Years ago, my husband expanded his love of woodworking to include building wooden boats. No matter that he didn’t know the first thing about sailing. A boat was a challenge and, more importantly, it was one more thing he could create out of wood and since I had grown up sailing in San Diego, I thought he had a great idea.
He started small, with a sweet little 14’ sailboat. (I sewed the sails and quickly decided that making sails wasn’t my calling.) But in spite of our respective inexperience, that beauty scooted across the water just fine. Next came an 18’ sailboat that all of our kids learned to sail and some time later, he turned his attention to a handsome rowing wherry.
But it wasn’t long before he was onto the next boat. After much thought and careful consideration, he embarked on building a 23’ 9” pilot house cruiser. (Think east coast lobster boat.) By far the most complex and intricate boat he had ever tackled, after two years of his dedicated labor, we launched Descant on Humboldt Bay.
For the last seven years, this beautiful wooden boat has been our floating home away from home. As happy empty-nesters, every summer we head north to play among the San Juan Islands or explore the Gulf Islands of Canada, We’ve made our way all the way up to Canada’s Desolation Sound and have explored the stunningly beautiful Princess Louisa Inlet and Chatterbox Falls.
But this year, we ended our vacation a little differently, as participants in Washington’s “Port Townsend Wooden Boat Festival”. A revered gathering for wooden boat lovers throughout the country, we were honored to have Descant selected for inclusion. (It’s high praise for a wooden boat builder to be a part of this 38 year tradition.) We were thrilled at the prospect of spending three entire days among so many like-minded people. (An estimated 35,000 people attended this year’s Festival.)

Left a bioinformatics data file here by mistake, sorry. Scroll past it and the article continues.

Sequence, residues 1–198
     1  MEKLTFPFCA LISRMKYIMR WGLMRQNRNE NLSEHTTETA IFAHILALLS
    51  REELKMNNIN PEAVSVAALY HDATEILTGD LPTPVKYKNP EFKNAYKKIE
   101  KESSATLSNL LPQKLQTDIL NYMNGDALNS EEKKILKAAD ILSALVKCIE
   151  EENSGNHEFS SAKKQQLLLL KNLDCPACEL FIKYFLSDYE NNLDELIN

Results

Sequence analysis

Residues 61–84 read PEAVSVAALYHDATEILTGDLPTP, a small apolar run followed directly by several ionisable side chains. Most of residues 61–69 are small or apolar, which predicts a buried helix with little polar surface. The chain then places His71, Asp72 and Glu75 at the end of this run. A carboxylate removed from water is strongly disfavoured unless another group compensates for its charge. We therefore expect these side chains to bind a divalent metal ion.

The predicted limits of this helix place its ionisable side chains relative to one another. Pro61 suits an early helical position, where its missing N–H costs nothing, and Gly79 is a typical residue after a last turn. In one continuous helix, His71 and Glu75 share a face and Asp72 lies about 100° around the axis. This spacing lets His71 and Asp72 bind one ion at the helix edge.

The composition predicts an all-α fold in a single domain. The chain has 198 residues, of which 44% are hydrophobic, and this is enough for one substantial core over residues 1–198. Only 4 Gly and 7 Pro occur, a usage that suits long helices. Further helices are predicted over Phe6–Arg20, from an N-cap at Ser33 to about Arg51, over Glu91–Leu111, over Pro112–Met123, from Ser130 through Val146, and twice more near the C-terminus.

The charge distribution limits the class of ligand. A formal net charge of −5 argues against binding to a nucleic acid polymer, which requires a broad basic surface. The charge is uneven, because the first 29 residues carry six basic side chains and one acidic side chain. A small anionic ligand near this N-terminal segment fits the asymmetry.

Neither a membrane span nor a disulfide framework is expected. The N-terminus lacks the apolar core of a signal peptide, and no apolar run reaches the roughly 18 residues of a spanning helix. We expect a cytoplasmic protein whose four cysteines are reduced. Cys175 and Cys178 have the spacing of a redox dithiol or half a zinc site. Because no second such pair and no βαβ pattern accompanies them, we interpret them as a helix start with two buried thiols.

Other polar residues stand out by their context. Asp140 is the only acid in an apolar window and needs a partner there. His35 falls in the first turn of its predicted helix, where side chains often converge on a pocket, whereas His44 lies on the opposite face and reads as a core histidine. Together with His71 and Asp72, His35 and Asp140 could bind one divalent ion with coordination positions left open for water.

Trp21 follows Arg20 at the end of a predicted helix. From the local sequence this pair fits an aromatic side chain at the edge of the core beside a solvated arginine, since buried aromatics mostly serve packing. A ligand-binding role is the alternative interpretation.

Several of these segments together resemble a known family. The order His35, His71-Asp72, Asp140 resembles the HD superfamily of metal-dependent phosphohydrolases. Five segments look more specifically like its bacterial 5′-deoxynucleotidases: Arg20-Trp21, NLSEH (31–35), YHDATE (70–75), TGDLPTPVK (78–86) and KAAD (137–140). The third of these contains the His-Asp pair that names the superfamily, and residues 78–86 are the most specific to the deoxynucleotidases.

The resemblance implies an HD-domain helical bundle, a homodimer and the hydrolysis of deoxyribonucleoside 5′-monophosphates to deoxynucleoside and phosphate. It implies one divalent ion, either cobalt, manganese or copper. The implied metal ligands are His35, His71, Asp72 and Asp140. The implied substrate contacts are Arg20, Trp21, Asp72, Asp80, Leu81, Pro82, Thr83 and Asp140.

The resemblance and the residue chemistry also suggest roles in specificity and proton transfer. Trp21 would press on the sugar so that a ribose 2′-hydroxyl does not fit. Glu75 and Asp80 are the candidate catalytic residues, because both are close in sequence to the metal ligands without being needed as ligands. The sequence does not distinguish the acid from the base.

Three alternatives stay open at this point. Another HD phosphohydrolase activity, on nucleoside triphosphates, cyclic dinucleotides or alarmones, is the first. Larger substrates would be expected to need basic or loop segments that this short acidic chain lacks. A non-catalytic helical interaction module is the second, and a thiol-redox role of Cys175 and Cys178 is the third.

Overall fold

We also had an ulterior motive — Descant was up for sale. Thanks to his retirement, my husband is already half way through the next boat! (We want to be cruising for as many years as we can and a boat with a few more conveniences is in order; it’s how we can continue to pursue our interests while we age. Regrettably, in spite of our treasured memories, we couldn’t justify keeping Descant. Oh, and let’s not forget the financial issues!) The Festival was the perfect place to find someone who would appreciate the craftsmanship, design, and care a wooden boat requires.
However, because of all of these unique requirements, and the reality of the country’s economic recovery, we also understood that selling Descant was a long shot. Imagine our surprise when, the morning of the first day, before the gates to the Festival had even officially opened, I received a text on my phone. “Hi, I’d like some more information on your boat. Please call me, Joe.”
Bam! By noon the next day, following a spectacular ‘sea trial’, Descant had new owners, Joe and Judy, a retired couple who fell in love with our little wooden boat. (I knew it was a done deal when Joe took the helm. The look on his face said it all.) Descant is now off to Texas and LBJ Lake.
But perhaps the best part of this story is that in this great big universe of ours, we happened to meet two of the nicest people imaginable. They were good-natured and honest, problem-solvers right down to the very last detail. (Selling a boat, over a weekend, when both parties live thousands of miles away from each other and no one is in his/her hometown, … well, it took a fair amount of head scratching.) Naturally, the four of us had to navigate some difficult details but we would always return to a comfortable place.
In all likelihood, someday we may hook up our next boat and head on out to Texas. (LBJ Lake – who knew?) I can see it now – a mini-flotilla of Descant I and Descant II, crewed by four smiling Boomers, happy that something like a sweet wooden boat could bring all of them such contentment … and friendship.